Yes, as a fellow Vermont community hospital, we are naturally concerned regarding the reports you may have seen in the media about financial challenges at Springfield Hospital. These are not easy times for not-for-profit community hospitals to maintain strong sustainability to meet community need. We are all working under a revenue cap with a swirl of complex Federal and State regulation, fundamental shifts in payment mechanisms, shrinking reimbursements, and increasing competition from for-profits. Hospitals’ cost-containment efforts continue, but expenses and medical inflation around us continues to outpace our allowed revenue. By regulation, we cannot ‘grow’ our way out of these challenges and in practicality, we may not be able to ‘cut’ our way out, either. Springfield’s situation is an indicator of the impact of those factors.
Springfield Hospital is an important and valued part of its community. We are hopeful they will be able to address their concerns. It is good news that Springfield is working locally on how best to move forward and that both the Green Mountain Care Board and the Governor’s Office are actively involved. We are also hopeful that Springfield will find value in engaging Quorum, the national healthcare consulting company which NMC has had a management contract with for more than thirty years. Quorum’s breadth and depth of expertise have proven valuable to NMC and we expect Springfield will benefit from their expertise.
As I have talked about NMC facing tight financial times in prior columns, I want to say that NMC is in a different financial situation than Springfield. While we have had operational losses in recent years with rate reductions, we are fortunate to have financial reserves put in place intentionally by our community Board of Directors over the years in part to help the organization weather tough financial times. Still, NMC’s reserves are not unlimited and our recent operational losses and the stock market decline have impacted them. Therefore, to be sustainable, we must ensure that our expenses align with our revenues while still not losing traction on our path to the future. Short-term, that means tightening our belts even further and continuing to seek out every efficiency. Our Leadership Team and Management Team are working with our employees, Medical Staff, and Board on this right now.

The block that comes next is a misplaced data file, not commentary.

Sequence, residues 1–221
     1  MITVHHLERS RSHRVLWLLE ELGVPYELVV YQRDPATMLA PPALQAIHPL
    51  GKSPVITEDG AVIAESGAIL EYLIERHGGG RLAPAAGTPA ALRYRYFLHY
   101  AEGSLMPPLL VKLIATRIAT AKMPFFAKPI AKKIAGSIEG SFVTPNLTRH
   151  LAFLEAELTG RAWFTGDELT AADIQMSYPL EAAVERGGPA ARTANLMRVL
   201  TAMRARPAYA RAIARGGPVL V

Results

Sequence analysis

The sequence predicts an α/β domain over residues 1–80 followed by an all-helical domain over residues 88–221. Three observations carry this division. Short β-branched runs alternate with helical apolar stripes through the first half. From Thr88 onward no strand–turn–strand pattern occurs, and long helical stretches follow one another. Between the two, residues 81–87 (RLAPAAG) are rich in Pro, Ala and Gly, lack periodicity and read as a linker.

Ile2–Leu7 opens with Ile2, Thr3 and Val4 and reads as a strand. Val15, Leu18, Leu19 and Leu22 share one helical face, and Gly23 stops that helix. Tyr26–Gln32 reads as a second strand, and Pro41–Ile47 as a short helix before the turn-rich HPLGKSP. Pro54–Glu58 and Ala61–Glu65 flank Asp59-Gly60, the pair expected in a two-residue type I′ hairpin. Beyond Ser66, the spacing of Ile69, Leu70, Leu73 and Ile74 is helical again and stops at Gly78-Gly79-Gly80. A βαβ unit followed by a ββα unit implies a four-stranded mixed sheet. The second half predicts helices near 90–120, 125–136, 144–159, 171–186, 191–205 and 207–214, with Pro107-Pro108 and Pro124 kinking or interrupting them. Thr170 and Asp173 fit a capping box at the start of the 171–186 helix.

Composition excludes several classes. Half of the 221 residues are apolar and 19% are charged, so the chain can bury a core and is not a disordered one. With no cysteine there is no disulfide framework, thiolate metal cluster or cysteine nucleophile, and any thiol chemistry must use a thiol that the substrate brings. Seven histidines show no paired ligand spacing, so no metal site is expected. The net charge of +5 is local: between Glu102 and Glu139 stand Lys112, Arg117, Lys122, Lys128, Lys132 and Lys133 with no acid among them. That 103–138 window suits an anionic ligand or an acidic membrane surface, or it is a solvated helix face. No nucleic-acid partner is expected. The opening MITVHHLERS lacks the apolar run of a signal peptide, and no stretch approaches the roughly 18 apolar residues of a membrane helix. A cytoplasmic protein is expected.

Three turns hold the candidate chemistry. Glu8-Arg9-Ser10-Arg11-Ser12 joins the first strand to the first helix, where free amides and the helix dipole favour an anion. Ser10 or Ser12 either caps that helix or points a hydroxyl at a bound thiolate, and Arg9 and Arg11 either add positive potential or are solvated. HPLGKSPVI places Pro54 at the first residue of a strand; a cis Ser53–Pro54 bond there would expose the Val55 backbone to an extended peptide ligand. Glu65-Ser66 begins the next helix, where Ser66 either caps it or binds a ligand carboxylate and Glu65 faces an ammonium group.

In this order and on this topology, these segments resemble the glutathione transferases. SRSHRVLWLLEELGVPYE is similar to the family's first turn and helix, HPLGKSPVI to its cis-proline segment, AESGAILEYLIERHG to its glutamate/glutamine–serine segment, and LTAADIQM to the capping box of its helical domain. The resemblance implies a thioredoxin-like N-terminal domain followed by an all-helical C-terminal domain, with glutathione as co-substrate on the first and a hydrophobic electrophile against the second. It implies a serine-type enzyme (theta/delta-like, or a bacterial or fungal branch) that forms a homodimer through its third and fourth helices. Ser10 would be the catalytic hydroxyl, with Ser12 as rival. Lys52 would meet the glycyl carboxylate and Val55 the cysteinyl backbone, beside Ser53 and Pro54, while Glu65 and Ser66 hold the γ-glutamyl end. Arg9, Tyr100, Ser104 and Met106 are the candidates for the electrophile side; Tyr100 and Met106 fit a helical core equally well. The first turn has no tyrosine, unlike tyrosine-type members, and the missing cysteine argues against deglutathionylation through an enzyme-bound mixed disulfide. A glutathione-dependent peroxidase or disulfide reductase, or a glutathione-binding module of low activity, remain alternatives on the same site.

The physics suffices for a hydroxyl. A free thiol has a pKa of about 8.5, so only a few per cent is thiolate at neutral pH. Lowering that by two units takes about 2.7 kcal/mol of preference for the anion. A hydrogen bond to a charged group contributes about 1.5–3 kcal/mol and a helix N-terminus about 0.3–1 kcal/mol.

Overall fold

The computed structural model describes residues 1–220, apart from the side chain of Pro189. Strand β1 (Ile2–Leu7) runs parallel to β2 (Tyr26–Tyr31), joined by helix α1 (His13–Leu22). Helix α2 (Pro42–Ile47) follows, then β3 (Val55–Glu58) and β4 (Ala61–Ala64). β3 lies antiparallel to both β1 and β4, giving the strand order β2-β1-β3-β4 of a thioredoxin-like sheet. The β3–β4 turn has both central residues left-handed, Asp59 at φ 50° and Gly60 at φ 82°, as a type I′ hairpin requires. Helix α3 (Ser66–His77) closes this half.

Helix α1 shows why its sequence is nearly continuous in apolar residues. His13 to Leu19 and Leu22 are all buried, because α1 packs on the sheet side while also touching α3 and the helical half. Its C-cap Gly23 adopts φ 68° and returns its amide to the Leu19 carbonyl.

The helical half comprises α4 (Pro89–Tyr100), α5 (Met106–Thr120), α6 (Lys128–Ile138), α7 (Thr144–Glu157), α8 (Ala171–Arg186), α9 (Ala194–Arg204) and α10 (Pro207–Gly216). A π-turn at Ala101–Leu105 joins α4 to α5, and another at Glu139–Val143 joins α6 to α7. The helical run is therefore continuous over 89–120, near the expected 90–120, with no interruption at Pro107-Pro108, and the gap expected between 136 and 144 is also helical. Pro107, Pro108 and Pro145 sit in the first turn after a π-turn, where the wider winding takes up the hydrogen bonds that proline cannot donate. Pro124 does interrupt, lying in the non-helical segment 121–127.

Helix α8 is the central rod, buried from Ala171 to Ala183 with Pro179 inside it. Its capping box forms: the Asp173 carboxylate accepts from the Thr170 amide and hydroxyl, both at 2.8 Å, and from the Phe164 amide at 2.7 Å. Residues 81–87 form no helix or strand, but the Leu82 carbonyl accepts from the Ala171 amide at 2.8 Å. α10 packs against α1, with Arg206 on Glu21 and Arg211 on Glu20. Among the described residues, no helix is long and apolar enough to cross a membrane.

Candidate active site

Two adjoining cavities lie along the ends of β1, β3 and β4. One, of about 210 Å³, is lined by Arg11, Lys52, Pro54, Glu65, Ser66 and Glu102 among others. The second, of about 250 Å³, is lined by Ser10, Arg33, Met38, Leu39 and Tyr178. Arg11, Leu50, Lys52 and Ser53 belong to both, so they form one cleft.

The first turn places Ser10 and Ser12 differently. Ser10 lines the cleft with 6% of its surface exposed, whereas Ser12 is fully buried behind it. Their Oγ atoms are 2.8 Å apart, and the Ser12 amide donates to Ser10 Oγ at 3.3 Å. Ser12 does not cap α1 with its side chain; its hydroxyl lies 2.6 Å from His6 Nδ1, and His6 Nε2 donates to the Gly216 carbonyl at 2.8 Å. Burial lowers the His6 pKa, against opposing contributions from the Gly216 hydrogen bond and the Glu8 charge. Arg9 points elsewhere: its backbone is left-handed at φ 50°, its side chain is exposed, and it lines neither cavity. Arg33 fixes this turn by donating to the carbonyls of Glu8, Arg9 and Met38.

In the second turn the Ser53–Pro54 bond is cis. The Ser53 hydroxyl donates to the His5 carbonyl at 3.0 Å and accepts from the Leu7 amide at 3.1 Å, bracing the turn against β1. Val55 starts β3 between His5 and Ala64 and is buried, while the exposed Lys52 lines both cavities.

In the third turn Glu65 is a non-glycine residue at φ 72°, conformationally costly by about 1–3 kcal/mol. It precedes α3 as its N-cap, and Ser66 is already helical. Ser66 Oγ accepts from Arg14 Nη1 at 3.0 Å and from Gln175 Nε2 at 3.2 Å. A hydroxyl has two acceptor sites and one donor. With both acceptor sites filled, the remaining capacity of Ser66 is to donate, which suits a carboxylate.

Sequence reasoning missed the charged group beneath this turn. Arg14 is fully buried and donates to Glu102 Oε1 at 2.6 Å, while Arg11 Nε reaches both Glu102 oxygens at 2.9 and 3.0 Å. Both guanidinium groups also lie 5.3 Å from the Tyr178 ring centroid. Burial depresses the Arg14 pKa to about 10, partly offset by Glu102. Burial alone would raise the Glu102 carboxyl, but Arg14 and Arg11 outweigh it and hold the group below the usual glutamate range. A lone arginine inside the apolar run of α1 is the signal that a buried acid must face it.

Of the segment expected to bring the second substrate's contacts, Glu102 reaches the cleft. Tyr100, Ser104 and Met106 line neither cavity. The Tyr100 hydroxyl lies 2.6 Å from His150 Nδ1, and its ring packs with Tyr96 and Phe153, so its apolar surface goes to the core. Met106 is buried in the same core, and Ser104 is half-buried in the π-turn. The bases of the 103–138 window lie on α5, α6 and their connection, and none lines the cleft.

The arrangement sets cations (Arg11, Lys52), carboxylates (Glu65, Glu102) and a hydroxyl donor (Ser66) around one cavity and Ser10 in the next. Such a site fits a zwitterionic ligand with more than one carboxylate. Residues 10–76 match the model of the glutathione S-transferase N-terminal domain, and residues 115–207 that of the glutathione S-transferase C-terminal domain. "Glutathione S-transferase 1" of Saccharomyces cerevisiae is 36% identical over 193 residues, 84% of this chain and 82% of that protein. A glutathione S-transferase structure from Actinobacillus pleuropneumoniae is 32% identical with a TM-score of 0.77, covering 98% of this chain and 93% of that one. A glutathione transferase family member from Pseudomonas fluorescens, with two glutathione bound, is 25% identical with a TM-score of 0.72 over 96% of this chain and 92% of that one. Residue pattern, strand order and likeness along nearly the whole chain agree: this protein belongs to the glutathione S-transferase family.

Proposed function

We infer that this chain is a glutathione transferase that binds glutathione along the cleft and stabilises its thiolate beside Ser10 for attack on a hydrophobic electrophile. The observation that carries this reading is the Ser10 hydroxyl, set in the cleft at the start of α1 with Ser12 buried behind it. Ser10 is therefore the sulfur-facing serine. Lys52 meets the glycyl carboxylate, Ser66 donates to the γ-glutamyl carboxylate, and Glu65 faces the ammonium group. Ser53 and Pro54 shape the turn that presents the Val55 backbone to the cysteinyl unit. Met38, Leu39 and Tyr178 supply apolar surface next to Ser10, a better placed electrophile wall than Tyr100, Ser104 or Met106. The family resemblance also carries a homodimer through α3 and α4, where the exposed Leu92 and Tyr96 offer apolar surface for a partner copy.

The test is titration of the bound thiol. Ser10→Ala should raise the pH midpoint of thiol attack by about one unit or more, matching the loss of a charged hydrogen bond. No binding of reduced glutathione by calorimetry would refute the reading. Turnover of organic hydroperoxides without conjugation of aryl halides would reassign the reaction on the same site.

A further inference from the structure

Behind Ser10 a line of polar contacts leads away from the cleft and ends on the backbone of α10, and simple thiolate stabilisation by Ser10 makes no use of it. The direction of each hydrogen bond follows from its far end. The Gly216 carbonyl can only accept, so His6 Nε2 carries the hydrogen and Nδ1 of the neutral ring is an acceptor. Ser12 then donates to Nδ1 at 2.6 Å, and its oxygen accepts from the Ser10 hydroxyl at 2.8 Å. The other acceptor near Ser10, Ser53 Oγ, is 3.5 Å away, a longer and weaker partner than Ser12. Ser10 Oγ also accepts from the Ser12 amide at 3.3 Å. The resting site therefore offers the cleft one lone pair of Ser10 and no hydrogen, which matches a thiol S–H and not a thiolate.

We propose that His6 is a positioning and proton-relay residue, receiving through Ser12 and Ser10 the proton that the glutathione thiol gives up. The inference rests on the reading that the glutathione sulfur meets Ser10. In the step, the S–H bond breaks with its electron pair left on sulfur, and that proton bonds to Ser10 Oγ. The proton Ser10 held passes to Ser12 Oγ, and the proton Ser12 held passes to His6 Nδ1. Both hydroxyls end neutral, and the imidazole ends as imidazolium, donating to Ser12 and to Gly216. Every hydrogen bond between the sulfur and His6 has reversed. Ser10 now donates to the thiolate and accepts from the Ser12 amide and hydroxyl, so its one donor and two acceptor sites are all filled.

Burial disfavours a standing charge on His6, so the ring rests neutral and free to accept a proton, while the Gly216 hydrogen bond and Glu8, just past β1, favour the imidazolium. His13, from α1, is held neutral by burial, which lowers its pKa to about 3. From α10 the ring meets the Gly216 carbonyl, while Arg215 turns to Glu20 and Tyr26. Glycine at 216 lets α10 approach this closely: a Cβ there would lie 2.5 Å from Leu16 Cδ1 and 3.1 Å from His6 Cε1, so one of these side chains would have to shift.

Community hospitals are redefining themselves and by that I mean all of us will have to make strategic changes in what we do and how we do it to be sustainable in the coming population-health and capitation-based healthcare system. We cannot give up the future as we try to navigate current financial challenges, so we will have to make strategic decisions. Prevention and wellness are crucial strategies. Robert Wood Johnson research shows that if Vermont’s aggregate Body Mass Index (BMI) was reduced 5%, it would create medical savings of $1 billion over 20 years. That’s a staggering number – even if only half of that number was realized! Still, as positive as that would be, those reductions would come in part from the traditional care hospitals provide so we must adapt our services and expenses in response to those changes.
Vermont has taken on a transformation of our healthcare system and we are still in the early stages of the journey. As we move forward, NMC’s focus on our patients and our community will be unwavering. The entire NMC team will continue to work to ensure our sustained ability to care for our community as we pursue a future that is incentivized and reimbursed based on how healthy the population we serve is.
— Jill Berry Bowen, RN, NMC’s Chief Executive Officer